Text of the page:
The Surratt Brothers: The Next Great Football Family

College football fans are becoming increasingly familiar with the last name Surratt. The brothers have been taking the Atlantic Coast Conference landscape by storm. It is time everyone begin to take notice.

When you hear the term “football families”, names like the Mannings, McCafferys and Matthews immediately enter the mind. These families have captivated the viewing audience for several generations now, showing that the apple really doesn’t fall far from the tree.

If you have been following the 2019 ACC football season, the Surratt name is one that has dominated the headlines.

One older brother in Chapel Hill, the younger in Winston-Salem, North Carolina. The ladder of the two has been especially spectacular this season.

Sage Surratt

During the 2018 season, we got a small glimpse into what Wake Forest wide receiver Sage Surratt was capable of. The redshirt freshman accounted for 581 and 4 touchdowns on 41 receptions during his first year on the field.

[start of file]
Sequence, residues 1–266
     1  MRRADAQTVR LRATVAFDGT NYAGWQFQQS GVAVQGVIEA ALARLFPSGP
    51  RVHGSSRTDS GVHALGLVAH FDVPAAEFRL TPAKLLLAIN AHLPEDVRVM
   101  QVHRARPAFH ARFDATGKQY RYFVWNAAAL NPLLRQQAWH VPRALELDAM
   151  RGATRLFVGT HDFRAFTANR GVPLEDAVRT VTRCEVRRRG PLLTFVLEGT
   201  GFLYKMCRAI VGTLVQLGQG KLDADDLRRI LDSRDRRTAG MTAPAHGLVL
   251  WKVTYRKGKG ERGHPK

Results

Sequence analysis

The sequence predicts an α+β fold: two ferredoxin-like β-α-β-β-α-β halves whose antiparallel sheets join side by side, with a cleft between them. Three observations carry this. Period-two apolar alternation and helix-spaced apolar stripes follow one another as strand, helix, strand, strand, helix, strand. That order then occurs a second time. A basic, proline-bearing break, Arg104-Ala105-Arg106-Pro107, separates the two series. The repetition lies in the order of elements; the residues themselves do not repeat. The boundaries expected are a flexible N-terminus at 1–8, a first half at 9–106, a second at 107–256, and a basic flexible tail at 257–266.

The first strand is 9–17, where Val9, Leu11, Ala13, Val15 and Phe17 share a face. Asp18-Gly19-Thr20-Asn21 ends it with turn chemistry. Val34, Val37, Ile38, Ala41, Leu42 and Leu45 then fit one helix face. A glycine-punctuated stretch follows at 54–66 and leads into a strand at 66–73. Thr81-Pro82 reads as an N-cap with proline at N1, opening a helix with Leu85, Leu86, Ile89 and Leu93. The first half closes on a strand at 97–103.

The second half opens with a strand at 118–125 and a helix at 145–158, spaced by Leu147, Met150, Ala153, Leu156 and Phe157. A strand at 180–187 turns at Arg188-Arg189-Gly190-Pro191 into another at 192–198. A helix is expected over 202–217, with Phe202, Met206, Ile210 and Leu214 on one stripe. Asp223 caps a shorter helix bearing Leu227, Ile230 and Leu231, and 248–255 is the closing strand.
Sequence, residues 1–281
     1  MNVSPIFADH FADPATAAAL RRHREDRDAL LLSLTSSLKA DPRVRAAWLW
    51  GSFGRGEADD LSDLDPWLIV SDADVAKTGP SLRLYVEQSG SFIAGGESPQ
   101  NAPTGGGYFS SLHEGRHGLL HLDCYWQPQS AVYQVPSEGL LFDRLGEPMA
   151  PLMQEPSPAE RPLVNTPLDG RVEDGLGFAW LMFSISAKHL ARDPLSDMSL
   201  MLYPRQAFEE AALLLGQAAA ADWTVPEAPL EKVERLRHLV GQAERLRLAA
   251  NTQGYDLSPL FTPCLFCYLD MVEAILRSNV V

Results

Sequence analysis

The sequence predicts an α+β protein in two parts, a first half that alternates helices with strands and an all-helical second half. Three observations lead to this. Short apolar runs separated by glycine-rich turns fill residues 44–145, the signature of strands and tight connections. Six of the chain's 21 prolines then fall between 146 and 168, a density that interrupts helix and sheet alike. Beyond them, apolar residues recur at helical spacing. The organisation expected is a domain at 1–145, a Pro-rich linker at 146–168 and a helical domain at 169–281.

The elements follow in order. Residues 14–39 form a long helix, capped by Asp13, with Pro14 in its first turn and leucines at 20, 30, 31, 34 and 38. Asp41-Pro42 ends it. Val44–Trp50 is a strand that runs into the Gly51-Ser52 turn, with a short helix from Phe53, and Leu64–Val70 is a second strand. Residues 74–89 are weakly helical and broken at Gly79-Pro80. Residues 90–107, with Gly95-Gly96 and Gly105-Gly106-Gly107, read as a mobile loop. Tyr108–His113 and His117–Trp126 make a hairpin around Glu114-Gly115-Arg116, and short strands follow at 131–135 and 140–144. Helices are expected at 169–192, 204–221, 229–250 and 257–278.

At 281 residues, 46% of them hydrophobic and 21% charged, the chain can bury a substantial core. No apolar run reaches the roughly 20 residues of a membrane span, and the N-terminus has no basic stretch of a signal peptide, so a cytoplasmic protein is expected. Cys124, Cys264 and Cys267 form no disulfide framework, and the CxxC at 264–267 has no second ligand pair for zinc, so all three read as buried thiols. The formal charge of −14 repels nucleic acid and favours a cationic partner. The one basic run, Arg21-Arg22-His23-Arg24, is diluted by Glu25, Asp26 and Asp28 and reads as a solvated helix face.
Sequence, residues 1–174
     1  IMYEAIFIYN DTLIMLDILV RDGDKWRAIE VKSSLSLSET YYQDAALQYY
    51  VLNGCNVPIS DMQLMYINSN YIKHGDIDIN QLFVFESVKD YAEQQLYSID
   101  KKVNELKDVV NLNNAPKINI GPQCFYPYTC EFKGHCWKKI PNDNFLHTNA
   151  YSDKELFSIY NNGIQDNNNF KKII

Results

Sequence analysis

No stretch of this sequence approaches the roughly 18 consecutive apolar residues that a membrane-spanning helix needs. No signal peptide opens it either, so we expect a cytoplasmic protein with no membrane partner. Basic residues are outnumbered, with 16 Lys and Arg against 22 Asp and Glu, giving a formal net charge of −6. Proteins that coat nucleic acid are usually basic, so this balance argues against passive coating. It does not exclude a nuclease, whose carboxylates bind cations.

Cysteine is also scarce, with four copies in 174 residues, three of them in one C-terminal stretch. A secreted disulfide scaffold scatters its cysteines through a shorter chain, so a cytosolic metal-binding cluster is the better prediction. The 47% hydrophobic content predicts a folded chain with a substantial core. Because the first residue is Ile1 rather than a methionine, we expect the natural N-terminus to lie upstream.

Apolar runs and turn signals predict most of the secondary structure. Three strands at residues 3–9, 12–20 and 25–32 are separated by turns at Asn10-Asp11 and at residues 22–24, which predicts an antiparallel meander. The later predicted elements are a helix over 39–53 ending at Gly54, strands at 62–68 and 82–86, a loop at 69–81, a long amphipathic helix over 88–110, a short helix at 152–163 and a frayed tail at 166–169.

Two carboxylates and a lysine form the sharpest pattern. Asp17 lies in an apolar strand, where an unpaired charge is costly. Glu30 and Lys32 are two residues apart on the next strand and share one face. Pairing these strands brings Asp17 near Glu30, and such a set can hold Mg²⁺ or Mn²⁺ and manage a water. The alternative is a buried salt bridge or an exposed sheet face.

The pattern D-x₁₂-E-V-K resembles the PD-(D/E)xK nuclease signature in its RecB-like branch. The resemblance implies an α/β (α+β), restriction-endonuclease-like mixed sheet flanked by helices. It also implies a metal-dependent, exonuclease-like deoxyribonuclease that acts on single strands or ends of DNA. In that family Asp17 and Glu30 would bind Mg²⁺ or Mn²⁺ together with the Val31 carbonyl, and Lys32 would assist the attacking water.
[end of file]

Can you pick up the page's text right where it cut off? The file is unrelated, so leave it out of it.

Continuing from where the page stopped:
Those numbers have been shattered in 2019. Surratt has posted 66 receptions for 1,001 yards and 11 touchdowns in only eight games this season. That type of performance, aside from setting himself for some potential postseason accolades, have grabbed NFL Draft evaluators attention big time… and rightfully so.

Surratt has been blessed with outstanding size at 6’3” and 215 pounds. Sage uses every bit of his god given size to win at the catch point. He routinely is able to box out defenders, shielding the football from a potential defensive play on the ball.

In a lot of ways, Sage resembles Chicago Bears wide receiver Allen Robinson in that regard. While Sage may not be the most dynamic athlete to ever play the game, he is able to make plays vertically. To accomplish this, Surratt uses his body. Body control, combined with his ability to win at the catch point, presents elite traits.